Indeed, the deterrent enumerated by the Second Amendment, if it should be considered for this purpose, is not a mass of untrained citizens, but well-regulated militias that can be called into service “through the medium of State government.” From this perspective, and with due consideration to the preponderance of horrifically devastating tragedies resulting in no small part from all too easy access to weapons of such lethality, it does not seem at all unreasonable for duly elected legislatures to declare that these weapons may only be owned by those with proper training, and must be stored securely under lock and key, whether it be in one’s home, or more properly in a communal armory.
It seems, as you pointed out to Piers, that we may not be so far apart here once we start examining policies, but the bigger concern lies more with the rhetoric than with the policy, because while I suppose entertaining hypothetical problems has hypothetical value, I want to discuss a real problem, which has real value. I often hear people say, if it’s not guns, it’s knives, or arson, or bombs. And of course these are all slightly different yet related problems, and this letter would go on forever if we tried to parse them all right now, so I’m not going to indulge the conflation you made between addressing the problem of semi-automatic assault weapons and their relation to mass shootings, and addressing the issue of hand guns and gang violence, or crimes of passion where guns happen to be readily available--but I do want to bring up Oklahoma City. One hundred sixty eight people died that day--including 19 children under the age of 6--and 680 more were injured. It remains the worst case of domestic terrorism in our country’s history, committed by a man who was wrestling with the violence he saw committed against Iraqi civilians during the Gulf War, and similar uses of force at Waco and Ruby Ridge. He came to see the government as a bully, an aggressor, and determined that these actions must be met with like actions; that a message must be sent. “With Oklahoma City being a counterattack,” he stated in an interview he gave while awaiting execution, “I was only fighting by the rules of engagement that were introduced by the aggressor.”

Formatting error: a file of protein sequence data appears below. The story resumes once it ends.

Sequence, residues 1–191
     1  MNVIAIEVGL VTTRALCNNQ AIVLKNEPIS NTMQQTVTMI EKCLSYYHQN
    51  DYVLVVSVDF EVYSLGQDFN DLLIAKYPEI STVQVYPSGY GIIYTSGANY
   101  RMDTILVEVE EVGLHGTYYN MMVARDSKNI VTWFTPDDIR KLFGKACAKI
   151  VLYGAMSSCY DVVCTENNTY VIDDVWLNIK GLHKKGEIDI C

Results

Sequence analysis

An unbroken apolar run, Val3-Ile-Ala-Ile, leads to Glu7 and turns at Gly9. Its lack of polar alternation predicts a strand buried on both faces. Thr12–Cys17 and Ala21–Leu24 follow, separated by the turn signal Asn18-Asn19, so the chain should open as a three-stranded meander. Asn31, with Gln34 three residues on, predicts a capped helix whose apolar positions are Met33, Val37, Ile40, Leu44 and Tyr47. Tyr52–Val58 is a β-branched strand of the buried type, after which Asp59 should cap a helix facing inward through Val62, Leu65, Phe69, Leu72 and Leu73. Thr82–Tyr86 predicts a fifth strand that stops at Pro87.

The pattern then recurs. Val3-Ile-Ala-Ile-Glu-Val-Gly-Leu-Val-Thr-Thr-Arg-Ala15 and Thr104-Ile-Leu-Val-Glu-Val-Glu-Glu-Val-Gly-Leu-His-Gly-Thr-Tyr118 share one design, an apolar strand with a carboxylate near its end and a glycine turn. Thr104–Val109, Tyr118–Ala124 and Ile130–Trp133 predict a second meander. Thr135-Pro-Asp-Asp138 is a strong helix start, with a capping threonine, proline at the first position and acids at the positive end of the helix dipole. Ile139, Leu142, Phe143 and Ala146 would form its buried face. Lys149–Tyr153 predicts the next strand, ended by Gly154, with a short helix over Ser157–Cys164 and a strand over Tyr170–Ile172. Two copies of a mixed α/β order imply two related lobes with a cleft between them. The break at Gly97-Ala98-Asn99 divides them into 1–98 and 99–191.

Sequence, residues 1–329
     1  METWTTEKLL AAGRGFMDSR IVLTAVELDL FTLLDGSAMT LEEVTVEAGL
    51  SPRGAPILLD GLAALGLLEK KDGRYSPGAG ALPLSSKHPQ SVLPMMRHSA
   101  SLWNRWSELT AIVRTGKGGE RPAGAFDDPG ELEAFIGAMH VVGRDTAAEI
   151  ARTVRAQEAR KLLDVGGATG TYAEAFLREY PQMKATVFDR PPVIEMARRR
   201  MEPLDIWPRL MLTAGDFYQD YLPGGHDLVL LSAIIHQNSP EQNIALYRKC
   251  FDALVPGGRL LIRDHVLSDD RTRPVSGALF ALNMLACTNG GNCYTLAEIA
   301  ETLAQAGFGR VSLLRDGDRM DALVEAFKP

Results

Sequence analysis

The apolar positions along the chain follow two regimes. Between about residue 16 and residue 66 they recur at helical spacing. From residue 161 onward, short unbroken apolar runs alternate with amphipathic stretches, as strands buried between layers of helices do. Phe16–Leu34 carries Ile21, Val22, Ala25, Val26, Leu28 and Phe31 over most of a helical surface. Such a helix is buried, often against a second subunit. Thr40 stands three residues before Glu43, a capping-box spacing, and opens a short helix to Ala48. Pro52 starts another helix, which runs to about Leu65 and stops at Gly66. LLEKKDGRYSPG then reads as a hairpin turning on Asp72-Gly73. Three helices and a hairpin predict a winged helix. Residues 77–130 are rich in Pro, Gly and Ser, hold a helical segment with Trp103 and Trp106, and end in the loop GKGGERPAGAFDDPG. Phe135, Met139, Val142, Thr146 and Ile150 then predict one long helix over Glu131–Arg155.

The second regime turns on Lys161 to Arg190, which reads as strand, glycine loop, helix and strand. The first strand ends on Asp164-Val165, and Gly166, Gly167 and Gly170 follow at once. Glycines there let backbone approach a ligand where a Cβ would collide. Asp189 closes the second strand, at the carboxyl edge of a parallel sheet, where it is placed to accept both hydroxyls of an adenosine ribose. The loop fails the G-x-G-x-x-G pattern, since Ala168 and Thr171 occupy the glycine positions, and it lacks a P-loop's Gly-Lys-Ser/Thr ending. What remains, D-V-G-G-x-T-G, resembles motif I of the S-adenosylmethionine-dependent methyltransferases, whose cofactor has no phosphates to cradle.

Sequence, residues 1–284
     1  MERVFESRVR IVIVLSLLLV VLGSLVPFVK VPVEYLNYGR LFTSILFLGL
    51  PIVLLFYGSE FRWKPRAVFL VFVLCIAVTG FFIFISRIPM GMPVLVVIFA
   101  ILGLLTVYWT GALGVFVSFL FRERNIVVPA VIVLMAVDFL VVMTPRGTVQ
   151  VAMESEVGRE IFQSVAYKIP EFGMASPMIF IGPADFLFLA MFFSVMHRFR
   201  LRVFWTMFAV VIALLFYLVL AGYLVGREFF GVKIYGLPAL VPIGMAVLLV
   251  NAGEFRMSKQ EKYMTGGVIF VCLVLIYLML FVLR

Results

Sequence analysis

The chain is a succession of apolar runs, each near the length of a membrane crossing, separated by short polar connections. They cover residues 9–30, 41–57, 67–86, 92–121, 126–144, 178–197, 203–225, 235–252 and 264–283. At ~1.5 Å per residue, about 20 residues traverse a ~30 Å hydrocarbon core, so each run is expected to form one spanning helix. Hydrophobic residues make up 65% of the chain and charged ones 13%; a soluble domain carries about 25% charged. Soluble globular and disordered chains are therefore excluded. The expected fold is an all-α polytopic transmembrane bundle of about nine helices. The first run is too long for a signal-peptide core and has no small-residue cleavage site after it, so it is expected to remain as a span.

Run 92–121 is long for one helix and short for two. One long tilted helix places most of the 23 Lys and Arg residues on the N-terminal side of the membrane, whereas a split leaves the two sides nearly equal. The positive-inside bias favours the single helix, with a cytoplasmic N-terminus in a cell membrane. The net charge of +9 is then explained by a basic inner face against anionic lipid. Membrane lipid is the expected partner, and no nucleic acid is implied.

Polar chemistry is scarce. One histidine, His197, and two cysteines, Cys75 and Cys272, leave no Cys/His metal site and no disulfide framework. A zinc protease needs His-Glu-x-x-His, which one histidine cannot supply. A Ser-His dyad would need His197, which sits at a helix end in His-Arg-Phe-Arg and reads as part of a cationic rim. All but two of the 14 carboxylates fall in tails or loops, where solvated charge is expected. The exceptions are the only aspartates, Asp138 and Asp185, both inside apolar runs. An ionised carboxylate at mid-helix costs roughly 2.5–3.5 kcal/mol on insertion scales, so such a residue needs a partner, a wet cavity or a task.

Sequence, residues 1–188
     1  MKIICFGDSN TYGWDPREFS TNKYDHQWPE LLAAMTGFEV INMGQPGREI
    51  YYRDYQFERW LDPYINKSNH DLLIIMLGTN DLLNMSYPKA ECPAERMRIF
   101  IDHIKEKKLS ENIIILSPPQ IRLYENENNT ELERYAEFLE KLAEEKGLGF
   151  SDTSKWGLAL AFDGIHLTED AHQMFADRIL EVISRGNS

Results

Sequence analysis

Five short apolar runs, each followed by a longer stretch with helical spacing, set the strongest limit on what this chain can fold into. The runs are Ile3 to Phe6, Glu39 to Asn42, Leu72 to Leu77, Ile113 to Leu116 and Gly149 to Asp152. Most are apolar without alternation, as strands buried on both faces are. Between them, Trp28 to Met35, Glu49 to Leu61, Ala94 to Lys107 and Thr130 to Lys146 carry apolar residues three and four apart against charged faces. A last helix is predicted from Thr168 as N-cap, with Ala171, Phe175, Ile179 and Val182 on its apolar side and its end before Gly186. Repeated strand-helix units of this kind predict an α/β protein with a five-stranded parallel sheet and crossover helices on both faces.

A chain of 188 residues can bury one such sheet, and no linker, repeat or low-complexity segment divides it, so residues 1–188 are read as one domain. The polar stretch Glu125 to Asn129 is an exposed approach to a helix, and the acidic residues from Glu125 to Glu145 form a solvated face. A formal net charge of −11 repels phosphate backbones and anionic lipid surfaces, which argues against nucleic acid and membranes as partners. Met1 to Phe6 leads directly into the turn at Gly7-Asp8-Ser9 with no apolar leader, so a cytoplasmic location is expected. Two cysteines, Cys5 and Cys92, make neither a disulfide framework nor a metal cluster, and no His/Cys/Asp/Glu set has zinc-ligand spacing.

For as extensively as you have written on bullying, it seems like you should easily be able to see the hypocrisy of accusing Piers of bullying those he doesn’t agree with on gun control while in the same breath characterizing his actions as “standing on the graves of the children of Sandy Hook.” It then seems almost farcical for you to call for a “rational political conversation about balancing rights and risks,” when right out of the gate you are going on the offensive, and using overblown, emotionally charged, divisive, inflammatory rhetoric that in no way furthers rational conversation.
To be sure, there was a missed opportunity for a teachable moment here. Rather than hyperbolizing, you could have cited a specific example where Piers engaged in what you perceived as bullying, and explained how he could have handled the situation better. Instead, you did exactly what you said just seconds later we don’t need to do-- “demonize people on the other side,” and then proceeded to justify your characterization by saying you were not being a bully, but “hitting back twice as hard.”
Not only is this sentiment quite far from the Christian maxim to “turn the other cheek,” it also seems both dishonest and irresponsible. If everyone who perceived they were being bullied “hit back twice as hard,” the conversation would quickly devolve, with increasingly inflammatory rhetoric giving way to insults, threats, and even actual violence. And this is why I brought up Timothy McVeigh--because for as concerned as you are about the spectre of government tyranny, the much more realistic threat, which you seem to be ignoring, is that the constant usage of this sort of incendiary language in our political discourse has the potential to incite individuals or small groups who believe they are acting on behalf of the people of this country, to take up arms against a government they view as tyrannical, resulting in more tragedies like Oklahoma City. After all, Mr. McVeigh did believe, until the very end, that his actions were “for the greater good.” And being a person of some influence in the political discourse on the right, I do believe this is something you should consider quite seriously.